from the no-way-dude-check-out-my-$8000-alienware dept.
An anonymous reader writes "Rahul Sood, HP's CTO of gaming, argues that the days of a market that wants PCs running three $500 GPUs is history; he argues that it's really a tough or impossible sell. '... let's face it, high-end hardware has delivered diminishing returns in terms of value. This is why you don't see ridiculous offerings like Quad SLI and 2-kilowatt power supplies coming from our company.' But don't the ideas of customization and market pricing for components tend to undercut that? Is the gaming PC dead?"
Role Playing (Games)

SOE Allows Purchase of In-Game Items In Everquest I, II 173

Posted by Soulskill
from the take-that-gold-farmers dept.
Zonk points out some big news for fans of the Everquest games; Sony Online Entertainment has rolled out a system which allows the exchange of real money for items used in the game. Sony is making use of a transaction system called Station Cash which charges your credit card in exchange for a virtual currency which is then spendable on the items. Massively has a walkthrough of how it will work, and shows some of the items up for sale, including vanity armor, non-combat pets, and potions that make various aspects of your character better. "Each of these types of flasks comes in a tier. Tier I flasks increase XP by 10% and cost $1.00. Tier II flasks increase XP by 25% and cost $5.00. Tier III flasks increase XP by 50%, and cost $10.00 each. All flask tiers last for 4 hours on use, and more than one can't be used at a time." Further details on the system are available in the FAQ and the Terms of Service. This comes alongside news today that upcoming MMO Star Wars: The Old Republic will not be subscription-based, but entirely based on micro-transactions instead.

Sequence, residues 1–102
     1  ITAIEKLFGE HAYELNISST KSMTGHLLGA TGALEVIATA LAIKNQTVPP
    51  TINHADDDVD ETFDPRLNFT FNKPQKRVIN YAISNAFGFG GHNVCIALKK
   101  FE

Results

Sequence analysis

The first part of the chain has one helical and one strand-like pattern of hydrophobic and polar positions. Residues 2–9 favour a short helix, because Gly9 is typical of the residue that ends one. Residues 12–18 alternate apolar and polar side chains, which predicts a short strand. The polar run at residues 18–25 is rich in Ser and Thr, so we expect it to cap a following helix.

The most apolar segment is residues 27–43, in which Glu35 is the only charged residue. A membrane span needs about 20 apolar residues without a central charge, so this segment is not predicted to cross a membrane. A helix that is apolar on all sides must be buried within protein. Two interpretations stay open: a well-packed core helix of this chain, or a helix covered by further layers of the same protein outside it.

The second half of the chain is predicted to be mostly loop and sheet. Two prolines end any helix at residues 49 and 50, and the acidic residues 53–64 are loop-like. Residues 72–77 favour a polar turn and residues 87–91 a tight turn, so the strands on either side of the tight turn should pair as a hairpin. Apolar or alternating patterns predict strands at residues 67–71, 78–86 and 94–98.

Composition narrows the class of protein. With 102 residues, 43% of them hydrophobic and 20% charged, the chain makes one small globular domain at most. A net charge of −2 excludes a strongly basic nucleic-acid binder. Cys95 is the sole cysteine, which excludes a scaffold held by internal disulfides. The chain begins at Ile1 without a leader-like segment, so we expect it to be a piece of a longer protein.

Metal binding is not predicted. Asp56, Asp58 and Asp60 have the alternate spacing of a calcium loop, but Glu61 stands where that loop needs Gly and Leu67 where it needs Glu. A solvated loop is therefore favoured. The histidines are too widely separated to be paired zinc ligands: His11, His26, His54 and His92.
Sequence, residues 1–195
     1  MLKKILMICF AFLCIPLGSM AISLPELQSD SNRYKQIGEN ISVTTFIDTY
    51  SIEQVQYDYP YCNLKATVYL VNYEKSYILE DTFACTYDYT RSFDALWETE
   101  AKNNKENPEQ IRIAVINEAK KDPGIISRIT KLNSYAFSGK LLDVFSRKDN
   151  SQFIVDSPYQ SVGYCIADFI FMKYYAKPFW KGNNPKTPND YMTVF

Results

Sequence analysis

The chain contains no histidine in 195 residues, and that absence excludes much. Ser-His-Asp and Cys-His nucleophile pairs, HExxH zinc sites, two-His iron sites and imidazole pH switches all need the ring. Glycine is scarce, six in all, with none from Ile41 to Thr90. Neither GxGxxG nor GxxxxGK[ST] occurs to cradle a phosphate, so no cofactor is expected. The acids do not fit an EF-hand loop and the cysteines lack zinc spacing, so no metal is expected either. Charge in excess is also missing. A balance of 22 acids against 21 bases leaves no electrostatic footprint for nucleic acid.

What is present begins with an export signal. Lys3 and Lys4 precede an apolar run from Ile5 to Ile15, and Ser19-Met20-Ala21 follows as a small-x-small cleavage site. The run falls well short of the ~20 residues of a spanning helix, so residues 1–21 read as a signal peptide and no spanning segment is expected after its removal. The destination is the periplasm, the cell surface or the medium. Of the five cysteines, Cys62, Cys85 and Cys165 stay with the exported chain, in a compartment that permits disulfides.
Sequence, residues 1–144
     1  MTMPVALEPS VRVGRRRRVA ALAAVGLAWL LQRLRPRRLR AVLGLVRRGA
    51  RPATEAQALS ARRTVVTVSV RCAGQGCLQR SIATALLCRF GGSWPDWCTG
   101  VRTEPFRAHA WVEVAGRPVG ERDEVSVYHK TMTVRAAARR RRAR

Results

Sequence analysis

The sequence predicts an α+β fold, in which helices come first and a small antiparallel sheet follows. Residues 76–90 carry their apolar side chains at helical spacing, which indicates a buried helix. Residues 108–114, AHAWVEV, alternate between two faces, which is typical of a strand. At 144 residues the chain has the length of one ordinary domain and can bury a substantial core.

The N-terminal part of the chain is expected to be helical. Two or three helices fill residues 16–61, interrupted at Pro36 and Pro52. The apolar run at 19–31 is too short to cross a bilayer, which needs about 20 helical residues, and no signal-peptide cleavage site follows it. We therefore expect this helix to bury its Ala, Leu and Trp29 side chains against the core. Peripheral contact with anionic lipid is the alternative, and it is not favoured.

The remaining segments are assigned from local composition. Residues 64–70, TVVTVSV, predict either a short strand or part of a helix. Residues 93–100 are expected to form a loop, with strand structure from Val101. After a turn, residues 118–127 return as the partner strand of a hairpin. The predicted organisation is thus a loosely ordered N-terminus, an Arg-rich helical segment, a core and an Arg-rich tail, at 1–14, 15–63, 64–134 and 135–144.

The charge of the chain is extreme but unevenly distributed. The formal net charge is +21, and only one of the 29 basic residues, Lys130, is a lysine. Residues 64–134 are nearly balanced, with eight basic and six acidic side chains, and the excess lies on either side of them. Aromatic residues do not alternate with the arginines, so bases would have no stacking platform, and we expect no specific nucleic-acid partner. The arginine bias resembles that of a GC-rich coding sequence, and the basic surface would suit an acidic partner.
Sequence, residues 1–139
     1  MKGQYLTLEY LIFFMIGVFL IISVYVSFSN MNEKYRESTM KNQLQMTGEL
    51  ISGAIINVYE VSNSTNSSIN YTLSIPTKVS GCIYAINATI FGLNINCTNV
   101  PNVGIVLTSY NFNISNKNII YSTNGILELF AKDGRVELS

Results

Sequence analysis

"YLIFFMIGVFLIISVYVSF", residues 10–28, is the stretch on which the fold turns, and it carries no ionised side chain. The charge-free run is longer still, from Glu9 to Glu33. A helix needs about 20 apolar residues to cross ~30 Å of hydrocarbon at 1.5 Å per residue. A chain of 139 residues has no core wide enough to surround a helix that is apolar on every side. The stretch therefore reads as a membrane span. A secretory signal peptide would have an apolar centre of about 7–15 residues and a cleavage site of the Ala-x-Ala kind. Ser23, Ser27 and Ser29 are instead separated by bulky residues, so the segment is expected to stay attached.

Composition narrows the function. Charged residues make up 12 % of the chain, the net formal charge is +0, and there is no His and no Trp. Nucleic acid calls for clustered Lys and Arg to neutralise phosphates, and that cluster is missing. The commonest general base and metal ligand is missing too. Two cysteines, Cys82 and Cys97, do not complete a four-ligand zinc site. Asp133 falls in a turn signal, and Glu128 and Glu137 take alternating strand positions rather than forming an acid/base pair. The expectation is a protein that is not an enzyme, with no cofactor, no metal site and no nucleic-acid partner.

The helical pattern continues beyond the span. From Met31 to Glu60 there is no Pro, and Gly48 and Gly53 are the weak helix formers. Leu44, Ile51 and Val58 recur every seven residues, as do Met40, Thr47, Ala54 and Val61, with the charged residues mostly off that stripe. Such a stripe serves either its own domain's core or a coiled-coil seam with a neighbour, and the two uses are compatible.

Businesses

Atari Purchases Cryptic Studios For $26.7 Million 45

Posted by Soulskill